I see your true colors shining through...

November 14, 2013

Kraft makes a move to remove artificial colors from macaroni and cheese products. Will other brands follow?

Last March, in an effort to encourage Kraft Foods to remove artificial coloring from their iconic Macaroni and Cheese product, two food bloggers started a petition that has gained signatures of over 350,000 supporters. Although the company claims the petition is not the reason for the change, the company recently announced they will be eliminating these dyes from three of their kid-friendly Macaroni and Cheese products. 

Artificial colors in processed foods are quite difficult to avoid. Take a trip to the supermarket, and take a look at what common products contain artificial colors that are banned or come with a warning label in many other countries. Without calling out any brand names, here are some examples. 

Macaroni and Cheese - Yellow 5, Yellow 6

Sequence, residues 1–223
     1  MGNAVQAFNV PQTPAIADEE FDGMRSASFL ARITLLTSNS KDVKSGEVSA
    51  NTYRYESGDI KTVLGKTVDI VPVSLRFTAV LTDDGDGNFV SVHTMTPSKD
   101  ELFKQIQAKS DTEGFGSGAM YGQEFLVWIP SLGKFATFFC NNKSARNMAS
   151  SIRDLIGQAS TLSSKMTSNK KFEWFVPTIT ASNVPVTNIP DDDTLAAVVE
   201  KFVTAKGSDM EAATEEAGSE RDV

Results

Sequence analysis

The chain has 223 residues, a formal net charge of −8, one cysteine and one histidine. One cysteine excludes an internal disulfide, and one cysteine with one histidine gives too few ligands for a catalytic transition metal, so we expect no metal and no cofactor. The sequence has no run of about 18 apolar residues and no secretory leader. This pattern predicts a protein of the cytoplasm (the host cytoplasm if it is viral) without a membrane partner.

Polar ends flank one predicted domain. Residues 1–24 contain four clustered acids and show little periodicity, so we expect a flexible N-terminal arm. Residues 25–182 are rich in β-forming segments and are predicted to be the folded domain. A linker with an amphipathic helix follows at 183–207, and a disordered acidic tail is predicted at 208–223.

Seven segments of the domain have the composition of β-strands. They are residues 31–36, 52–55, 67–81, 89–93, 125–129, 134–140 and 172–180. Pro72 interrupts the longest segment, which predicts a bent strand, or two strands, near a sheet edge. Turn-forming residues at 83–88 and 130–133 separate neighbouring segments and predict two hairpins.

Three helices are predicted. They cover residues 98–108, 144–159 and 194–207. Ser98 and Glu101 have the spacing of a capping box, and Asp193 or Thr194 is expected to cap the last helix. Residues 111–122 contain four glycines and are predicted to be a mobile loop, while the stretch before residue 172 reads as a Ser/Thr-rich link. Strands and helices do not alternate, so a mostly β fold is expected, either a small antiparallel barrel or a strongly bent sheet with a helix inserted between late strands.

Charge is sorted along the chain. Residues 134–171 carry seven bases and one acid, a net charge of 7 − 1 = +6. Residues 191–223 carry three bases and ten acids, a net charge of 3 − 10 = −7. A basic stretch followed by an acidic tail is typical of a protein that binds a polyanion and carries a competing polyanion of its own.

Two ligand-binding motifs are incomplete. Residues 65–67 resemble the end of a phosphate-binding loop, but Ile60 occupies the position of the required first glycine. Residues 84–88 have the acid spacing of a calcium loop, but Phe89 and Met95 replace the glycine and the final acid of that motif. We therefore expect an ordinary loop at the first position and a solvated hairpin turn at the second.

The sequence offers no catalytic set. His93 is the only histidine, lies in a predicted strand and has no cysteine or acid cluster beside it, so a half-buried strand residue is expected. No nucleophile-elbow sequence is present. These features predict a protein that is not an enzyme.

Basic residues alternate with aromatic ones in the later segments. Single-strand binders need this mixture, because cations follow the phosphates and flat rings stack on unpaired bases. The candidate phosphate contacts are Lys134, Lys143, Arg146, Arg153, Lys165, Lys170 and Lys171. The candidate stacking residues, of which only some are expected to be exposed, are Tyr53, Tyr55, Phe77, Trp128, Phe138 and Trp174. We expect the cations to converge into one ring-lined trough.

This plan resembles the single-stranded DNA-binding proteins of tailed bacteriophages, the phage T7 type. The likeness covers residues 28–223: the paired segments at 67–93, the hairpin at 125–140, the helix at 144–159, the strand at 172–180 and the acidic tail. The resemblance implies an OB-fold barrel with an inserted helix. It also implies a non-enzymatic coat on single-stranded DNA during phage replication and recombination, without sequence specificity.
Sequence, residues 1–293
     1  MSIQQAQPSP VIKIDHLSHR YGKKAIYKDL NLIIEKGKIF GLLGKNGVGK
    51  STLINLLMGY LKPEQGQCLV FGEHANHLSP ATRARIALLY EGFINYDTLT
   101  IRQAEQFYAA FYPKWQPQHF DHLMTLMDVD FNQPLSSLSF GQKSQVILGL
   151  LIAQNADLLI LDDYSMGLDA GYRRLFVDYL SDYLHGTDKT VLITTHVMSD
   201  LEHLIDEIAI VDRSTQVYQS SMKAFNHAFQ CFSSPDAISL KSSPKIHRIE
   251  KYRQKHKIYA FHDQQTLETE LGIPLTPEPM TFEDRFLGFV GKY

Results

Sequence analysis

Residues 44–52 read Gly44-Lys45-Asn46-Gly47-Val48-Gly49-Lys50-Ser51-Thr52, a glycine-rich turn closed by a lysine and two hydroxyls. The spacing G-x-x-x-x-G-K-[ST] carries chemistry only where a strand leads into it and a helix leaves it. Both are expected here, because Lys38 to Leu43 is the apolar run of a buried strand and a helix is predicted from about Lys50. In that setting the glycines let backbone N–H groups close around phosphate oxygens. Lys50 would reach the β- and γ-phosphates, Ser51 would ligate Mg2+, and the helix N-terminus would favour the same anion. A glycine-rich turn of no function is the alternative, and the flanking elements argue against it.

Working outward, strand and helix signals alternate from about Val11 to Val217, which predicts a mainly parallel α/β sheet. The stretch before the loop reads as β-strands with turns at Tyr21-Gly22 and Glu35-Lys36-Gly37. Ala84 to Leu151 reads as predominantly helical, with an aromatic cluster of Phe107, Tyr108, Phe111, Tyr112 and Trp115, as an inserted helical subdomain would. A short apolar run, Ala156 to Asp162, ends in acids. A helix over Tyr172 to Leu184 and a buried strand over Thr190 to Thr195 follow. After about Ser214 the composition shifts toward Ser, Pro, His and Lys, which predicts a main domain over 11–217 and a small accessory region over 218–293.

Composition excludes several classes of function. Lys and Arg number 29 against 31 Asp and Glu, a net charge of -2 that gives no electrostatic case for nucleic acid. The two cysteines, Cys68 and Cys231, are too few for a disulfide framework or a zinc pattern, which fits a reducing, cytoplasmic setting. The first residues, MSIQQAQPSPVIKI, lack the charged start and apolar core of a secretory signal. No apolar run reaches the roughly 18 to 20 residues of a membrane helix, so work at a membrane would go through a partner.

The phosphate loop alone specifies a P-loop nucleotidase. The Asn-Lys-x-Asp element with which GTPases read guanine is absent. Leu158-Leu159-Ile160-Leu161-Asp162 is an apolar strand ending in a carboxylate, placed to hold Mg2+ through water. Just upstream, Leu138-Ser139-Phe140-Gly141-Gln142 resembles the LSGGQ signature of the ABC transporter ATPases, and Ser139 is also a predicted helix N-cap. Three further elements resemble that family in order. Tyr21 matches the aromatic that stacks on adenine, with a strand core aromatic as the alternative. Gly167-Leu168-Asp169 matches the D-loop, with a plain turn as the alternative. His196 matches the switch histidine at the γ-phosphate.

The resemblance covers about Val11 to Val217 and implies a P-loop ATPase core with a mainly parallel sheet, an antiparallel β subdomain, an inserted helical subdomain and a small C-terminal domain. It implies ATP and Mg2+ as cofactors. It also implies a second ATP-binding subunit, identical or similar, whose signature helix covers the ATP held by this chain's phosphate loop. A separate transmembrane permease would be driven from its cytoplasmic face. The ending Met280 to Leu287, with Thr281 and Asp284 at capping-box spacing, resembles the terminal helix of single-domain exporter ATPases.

Strawberry Yogurt - Red 40

Pickles - Yellow 5

Blueberry Cereal Bars - Red 40, Blue 1

Candy - Blue 1, Red 40, Yellow 6, Yellow 5

Food colorings have been used for centuries. (Check out NPR's story from last week about the history of artificial coloring in cheese). Synthetic food colorings came about because natural food colorings used long ago could contain unsafe levels of mercury, copper or arsenic. However synthetic food coloring has raised a history of concerns dating back to 1906 when the Pure Food and Drugs Act brought about the beginning of restrictions on these ingredients. Since then the list of legal synthetic colors has dwindled from around 80 to seven. 

Most recently and widely publicized are questions about whether or not artificial colors cause hyperactivity in children and contribute to ADHD. A study in the United Kingdom in 2007 looked at the relationship of behavior and food dyes and found children that drank beverages with artificial colors exhibited more hyperactivity. 

The past decade we have seen many brands make moves to voluntarily remove trans fats from their products (now facing being banned by the FDA), High Fructose Corn Syrup, and also artificial colors. With Kraft taking the leap of removing dyes from such an iconic product, The Lempert Report feels that it is likely other brands will follow. And although it is possible those seven legal colorings may not be headed for banishment by the government, watch for more voluntarily elimination of these dyes and more use of natural alternatives to color popular processed foods.